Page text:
Posted on May 11 2020
At the Chemtech Scientific Repair Lab, we are often asked: “How often should I change my vacuum pump’s oil?” Every month? Two months, six months?
The answer is that there is no set interval for changing a vacuum pump’s oil, as the oil change requirements are process driven. It is a mistake to treat your vacuum pump’s oil supply like that of an automobile. An automobile’s oil system is a sealed system and the engine manufacturer can predict the life expectancy of the oil based on miles and/or months the oil has been in use.
A Scientific Vacuum Pump’s oil supply is not sealed off in a closed system, as that of an automobile. An oil sealed Scientific Vacuum Pump is used to lower the pressure of an application appliance to below 1 Torr (1/760 of atmosphere) and lower. At the operating pressure, most liquid compounds will vaporize and be expanded into the vacuum pump. The vacuum pump will compress and therefore condense the condensable vapor to liquid into the pump’s oil reservoir as a contaminant to the oil.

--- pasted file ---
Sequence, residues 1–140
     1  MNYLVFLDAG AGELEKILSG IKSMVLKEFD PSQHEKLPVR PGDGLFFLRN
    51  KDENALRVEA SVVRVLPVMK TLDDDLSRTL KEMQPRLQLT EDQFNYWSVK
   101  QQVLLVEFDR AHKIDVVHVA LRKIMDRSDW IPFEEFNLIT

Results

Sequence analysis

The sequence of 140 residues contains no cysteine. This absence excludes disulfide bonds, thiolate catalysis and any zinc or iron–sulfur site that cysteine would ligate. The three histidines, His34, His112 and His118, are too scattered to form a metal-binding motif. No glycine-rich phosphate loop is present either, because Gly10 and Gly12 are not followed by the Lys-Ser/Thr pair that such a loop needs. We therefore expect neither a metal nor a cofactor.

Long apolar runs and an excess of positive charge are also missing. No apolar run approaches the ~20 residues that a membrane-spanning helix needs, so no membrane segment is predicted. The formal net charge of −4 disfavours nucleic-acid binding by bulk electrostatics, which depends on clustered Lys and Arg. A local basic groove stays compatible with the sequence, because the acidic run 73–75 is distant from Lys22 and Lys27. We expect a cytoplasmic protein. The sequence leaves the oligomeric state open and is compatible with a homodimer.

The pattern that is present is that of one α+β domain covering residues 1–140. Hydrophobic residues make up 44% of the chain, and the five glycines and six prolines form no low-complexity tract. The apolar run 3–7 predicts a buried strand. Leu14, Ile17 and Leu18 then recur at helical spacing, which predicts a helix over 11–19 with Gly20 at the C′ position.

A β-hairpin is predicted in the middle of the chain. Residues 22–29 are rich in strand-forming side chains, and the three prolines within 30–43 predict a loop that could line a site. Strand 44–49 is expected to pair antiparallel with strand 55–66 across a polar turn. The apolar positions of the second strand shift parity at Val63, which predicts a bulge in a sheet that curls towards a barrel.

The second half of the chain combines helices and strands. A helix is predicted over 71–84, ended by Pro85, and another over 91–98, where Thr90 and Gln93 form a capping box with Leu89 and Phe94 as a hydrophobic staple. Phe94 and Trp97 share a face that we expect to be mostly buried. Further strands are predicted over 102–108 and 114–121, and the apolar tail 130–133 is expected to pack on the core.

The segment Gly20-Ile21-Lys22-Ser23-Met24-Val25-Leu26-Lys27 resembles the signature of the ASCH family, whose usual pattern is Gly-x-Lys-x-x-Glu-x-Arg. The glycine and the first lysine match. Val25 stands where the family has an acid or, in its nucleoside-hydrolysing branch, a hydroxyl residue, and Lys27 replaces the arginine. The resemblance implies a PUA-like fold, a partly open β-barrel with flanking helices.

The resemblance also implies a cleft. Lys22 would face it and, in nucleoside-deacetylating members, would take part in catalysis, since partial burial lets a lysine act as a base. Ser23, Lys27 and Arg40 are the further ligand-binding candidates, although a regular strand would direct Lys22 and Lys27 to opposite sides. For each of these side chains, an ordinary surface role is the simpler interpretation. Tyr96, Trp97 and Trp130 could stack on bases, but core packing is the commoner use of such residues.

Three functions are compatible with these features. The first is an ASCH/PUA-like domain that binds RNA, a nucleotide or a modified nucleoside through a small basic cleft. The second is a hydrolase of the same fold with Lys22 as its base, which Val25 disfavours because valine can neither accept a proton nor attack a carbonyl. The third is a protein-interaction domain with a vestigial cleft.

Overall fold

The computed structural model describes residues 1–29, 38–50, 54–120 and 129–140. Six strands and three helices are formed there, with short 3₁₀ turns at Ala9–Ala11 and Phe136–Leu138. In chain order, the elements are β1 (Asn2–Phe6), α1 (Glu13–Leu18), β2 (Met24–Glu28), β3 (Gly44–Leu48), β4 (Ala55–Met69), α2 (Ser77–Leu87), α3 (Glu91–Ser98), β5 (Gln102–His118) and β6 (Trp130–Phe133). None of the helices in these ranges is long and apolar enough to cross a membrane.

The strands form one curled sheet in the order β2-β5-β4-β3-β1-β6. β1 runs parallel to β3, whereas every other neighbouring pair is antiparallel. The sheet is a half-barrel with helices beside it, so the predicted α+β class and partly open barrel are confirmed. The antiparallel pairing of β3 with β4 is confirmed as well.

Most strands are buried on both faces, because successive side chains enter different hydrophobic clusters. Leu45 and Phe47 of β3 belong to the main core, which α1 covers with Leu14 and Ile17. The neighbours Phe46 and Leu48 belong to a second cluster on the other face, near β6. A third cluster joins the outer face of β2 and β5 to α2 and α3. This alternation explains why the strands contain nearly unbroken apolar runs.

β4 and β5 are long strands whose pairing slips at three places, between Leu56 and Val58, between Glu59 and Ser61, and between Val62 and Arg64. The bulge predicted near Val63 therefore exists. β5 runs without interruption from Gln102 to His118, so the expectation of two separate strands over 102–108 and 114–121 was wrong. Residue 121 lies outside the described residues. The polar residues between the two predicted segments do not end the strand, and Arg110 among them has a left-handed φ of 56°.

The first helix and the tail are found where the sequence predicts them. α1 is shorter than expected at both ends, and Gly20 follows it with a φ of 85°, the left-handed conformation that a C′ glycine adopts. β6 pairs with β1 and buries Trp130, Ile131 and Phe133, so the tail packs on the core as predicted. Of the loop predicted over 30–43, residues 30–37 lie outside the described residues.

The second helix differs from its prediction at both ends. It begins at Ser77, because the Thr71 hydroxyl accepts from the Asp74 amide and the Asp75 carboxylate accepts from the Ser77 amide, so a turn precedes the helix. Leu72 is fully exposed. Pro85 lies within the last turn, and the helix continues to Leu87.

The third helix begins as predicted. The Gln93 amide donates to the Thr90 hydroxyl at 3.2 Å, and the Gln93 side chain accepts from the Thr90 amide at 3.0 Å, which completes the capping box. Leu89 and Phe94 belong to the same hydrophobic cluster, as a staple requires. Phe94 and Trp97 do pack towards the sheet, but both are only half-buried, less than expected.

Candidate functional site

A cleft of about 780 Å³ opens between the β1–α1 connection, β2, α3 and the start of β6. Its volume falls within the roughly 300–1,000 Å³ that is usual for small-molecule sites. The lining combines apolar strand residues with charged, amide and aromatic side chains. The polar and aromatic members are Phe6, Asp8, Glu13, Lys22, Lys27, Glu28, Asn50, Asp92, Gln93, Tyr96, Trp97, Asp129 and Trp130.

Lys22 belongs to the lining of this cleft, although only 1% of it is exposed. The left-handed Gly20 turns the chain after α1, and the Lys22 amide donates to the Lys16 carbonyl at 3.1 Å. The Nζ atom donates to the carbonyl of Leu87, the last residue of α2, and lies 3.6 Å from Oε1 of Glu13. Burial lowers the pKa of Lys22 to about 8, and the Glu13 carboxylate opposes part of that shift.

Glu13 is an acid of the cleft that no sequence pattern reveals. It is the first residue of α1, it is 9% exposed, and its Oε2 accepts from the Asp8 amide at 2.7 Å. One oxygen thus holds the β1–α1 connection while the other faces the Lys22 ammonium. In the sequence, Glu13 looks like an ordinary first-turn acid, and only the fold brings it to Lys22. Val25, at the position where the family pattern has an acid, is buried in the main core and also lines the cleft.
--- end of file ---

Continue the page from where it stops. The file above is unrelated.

The contaminant will react with the vacuum pump’s oil (even water). Contaminants will act as an initiator and the agitation (rotation) and heat of the operating vacuum pump increase the rate of reaction. Water and other immiscible compounds may make an emulsion with pump oil and greatly degrade the lubricating properties and vacuum seal properties of the pump oil, fueling heat and a more rapid reaction, degrading the oil further.
The best answer to oil changing requirements is to inspect the pump oil frequently and change when the oil color is nearing “D” on the following color chart, or showing signs of emulsion “H” on the chart. It is best to use Chemtech Grade 33 Vacuum Pump Oil (CTS 33 "A" on chart). A clear oil, free of impurities. Many vacuum oils are already at color “A” and are straw color when new.
It’s best to use Chemtech Grade 33 Vacuum Pump Oil (CTS 33 on chart). A clear oil, free of impurities. Many vacuum oils are already at color “A” and are straw color when new. The impurities in straw colored oil will easily react with process emissions in the vacuum process and require more frequent oil changes.